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What Ross Ulbricht’s ‘life in prison’ sentence means to illegal online retail and Bitcoin

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Ross Ulbricht, the mastermind responsible for creating and running the illegal drug marketplace Silk Road, was sentenced to life in prison on Friday (29th). The sentence was announced by judge Katherine Forrest of Manhattan’s US district court for the southern district of New York.

The 31-year-old defendant, known in the Deep Web as ‘Dread Pirate Roberts’, was handed the harshest sentence available in the United States, composed by five different sentences with no chance of parole. The judge handed one sentence for 20 years, one for 15 years, one for five and two for life, The Guardian reported.

Ulbricht was accused of several crimes like narcotics trafficking conspiracy, computer hacking conspiracy and money laundering. However, the most touching accusation was made by the parents of two victims who overdosed using drugs obtained on Silk Road.

The parents wanted to show that Silk Road’s activities were not victimless. “I strongly believe that my son would be here today if Silk Road had never existed,” said Richard B., father of the 25-year-old victim.

“I never wanted that to happen. I wish I could go back and convince myself to take a different path,” Ulbricht said while crying in court.

Before this last session in court, ‘Dread Pirate Roberts’ wrote to judge Katherine Forrest begging for mercy. Ulbricht asked the judge to “leave a light at the end of the tunnel. (…) I know you must take away my middle years, but please leave me my old age.”

“I’ve changed. I’m not the man I was when I created Silk Road. I’m a little wiser. A little more mature and much more humble.”

Ross Ulbricht, in court

On the other side, prosecutors wrote Forrest a 16-page letter requesting a heavy sentence: “a lengthy sentence, one substantially above the mandatory minimum is appropriate in this case.”

FILE- In this Oct. 4, 2013 file photo, an artist rendering showing Ross William Ulbricht during an appearance at Federal Court in San Francisco is shown. Authorities say that Ulbricht had spent most of three years "evading law enforcement, living a double life" while operating an underground website known as Silk Road, a black-market bazaar for cocaine, heroin and other drugs, while portraying himself as an Internet trailblazer. On Thursday, Nov. 21, 2013,  a federal judge ordered Ulbricht held without bail during a court appearence in New York..  (AP Photo/Vicki Behringer, File)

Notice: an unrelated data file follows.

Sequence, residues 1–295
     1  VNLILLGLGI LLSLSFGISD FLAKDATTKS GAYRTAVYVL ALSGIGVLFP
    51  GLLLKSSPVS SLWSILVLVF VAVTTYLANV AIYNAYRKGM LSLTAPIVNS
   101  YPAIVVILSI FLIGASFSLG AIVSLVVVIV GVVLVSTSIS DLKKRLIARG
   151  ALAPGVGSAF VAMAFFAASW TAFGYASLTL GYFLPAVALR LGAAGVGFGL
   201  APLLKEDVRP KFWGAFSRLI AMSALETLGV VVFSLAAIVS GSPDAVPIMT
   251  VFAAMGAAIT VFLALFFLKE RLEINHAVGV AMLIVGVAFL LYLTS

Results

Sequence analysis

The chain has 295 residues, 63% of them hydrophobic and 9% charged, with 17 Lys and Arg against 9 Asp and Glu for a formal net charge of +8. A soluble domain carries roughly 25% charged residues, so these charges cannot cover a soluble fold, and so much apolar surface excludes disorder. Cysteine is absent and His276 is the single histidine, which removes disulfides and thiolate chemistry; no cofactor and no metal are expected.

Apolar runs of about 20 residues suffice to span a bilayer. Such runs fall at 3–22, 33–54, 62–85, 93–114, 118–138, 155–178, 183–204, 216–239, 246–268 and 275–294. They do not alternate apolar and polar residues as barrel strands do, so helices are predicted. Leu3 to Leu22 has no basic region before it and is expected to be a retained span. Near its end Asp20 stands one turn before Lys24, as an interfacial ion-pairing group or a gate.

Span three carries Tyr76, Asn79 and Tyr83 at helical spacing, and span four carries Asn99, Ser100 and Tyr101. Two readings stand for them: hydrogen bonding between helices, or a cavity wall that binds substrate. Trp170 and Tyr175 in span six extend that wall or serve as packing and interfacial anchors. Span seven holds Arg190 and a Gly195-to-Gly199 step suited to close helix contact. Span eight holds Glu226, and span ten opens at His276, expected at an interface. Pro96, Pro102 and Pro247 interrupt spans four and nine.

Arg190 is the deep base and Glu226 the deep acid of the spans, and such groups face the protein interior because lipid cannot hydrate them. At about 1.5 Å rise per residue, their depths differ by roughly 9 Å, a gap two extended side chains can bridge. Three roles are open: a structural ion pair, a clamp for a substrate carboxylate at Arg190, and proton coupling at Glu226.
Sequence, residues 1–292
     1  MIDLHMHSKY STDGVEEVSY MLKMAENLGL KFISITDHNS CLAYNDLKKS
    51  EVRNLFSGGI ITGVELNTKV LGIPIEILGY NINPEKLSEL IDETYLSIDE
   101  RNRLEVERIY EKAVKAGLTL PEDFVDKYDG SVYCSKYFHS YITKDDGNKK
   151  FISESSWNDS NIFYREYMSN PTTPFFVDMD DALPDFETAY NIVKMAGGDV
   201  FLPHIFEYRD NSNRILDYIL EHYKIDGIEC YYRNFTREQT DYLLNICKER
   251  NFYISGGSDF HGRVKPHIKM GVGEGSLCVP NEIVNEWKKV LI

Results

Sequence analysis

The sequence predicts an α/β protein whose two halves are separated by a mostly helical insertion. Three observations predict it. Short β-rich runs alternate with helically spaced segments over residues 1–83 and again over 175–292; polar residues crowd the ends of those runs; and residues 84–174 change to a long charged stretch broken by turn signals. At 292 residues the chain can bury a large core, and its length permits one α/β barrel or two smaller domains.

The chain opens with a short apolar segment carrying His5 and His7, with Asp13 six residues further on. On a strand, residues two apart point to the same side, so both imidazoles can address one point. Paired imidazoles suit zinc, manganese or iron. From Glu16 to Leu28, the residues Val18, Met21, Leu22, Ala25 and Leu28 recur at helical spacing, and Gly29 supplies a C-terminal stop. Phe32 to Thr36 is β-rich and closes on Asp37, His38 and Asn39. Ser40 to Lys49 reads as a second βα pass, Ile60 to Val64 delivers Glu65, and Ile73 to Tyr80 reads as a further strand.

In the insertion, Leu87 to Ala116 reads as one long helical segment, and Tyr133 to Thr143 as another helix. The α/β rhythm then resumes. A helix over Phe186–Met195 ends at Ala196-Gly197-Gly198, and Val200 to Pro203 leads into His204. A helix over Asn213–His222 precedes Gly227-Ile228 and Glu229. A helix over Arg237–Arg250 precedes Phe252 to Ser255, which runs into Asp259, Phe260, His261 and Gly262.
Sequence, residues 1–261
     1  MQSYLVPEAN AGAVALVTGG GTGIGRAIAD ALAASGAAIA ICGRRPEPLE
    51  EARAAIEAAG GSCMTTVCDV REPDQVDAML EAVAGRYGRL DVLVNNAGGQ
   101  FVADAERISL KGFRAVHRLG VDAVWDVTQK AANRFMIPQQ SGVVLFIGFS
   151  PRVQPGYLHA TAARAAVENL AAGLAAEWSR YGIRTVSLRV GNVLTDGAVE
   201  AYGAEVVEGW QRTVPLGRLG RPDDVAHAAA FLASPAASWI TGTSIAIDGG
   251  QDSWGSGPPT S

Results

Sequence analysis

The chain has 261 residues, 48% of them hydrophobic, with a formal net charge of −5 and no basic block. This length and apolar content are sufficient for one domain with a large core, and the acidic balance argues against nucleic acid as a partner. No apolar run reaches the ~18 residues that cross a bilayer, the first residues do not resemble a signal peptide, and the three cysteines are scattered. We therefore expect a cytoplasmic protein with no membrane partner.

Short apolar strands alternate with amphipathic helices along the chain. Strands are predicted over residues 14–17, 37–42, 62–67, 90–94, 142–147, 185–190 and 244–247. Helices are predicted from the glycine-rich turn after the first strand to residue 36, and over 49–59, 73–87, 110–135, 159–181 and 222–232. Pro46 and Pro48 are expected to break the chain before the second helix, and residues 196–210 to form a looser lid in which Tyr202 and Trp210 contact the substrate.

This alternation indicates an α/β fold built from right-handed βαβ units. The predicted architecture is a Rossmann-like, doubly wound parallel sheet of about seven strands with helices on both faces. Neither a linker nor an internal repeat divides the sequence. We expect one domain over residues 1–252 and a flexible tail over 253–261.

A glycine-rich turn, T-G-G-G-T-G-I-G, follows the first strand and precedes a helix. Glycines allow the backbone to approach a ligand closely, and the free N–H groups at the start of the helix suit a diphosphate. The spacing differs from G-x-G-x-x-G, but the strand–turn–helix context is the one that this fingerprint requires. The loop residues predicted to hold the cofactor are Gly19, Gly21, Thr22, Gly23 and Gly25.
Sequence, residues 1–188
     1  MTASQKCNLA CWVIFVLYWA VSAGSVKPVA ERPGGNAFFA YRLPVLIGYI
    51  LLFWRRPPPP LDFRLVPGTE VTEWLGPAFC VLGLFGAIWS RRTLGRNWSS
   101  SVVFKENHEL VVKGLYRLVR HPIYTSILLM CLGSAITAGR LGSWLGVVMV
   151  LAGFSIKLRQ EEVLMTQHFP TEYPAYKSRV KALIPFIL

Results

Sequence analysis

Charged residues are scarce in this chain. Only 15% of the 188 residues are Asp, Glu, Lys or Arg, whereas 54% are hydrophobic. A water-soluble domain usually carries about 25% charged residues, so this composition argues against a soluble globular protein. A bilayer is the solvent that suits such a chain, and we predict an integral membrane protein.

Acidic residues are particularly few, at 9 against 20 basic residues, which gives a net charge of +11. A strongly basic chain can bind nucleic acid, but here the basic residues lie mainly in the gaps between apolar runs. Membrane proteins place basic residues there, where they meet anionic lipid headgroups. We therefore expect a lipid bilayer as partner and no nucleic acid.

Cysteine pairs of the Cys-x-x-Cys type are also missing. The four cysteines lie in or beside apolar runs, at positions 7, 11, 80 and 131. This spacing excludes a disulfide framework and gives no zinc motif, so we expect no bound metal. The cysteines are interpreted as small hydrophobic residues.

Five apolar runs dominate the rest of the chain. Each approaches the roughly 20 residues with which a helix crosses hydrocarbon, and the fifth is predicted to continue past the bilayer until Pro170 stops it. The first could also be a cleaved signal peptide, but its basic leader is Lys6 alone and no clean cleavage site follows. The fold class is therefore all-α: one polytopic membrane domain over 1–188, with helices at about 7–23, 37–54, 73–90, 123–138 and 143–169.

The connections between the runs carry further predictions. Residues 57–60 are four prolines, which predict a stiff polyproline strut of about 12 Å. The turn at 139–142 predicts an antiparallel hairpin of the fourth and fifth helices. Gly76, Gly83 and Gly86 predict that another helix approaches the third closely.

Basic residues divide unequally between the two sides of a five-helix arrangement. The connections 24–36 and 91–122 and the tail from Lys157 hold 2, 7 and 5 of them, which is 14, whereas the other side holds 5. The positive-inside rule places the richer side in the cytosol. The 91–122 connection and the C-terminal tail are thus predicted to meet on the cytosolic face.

Ross Ulbricht | AP Photo/Vicki Behringer

The judge ended up favouring the prosecutors, rejecting arguments that Silk Road was actually trying to reduce the harm caused by drug trafficking by taking the activity off the streets.

“The stated purpose [of Silk Road] was to be beyond the law. In the world you created over time, democracy didn’t exist. You were captain of the ship, the ‘Dread Pirate Roberts’. You made your own laws,” Forrest told the defendant as she read the sentence.

At one point, Silk Road was the largest illegal online marketplace focusing on the sale of all kinds of narcotics and weapons, amongst other products and services like murder for hire.

The proof against Ulbricht was so obvious that it was impossible for the judge to even consider the argument presented by the defense. According to Ulbricht’s lawyers, ‘Dread Pirate Roberts’ was the victim of an elaborate hack. However, Ulbricht was arrested in 2013 while accessing Silk Road from a public library.

Silk Road’s success boosted the development of several other illegal marketplaces based on the ‘dark web’. Not long after the seizure of the original Silk Road, even a 2.0 version of the site was created in November 2013 only to shut down a year later.

Most of these ‘deep web’ platforms accepted Bitcoin as a payment option, boosting the growth of the world’s most famous cryptocurrency over the past couple of years. Although, the circumstances have changed dramatically, especially due to the quick and effective action of the authorities. At the moment, less people seem willing to risk their freedom and lives thanks to the example set by the Silk Road case.

Maria is an experienced journalist currently living in the UK. She has been writing about Bitcoin and the altcoin universe since 2013. She is also a member of the Lifeboat Foundation's New Money Systems Board and a big cryptocurrency supporter.

View all Posts by Maria Santos

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3 comments on “What Ross Ulbricht’s ‘life in prison’ sentence means to illegal online retail and Bitcoin”

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    1. Alexander Reed

      I actually find it very concerning and definitely not a laughing matter. Would you care to elaborate a bit on your thoughts ?

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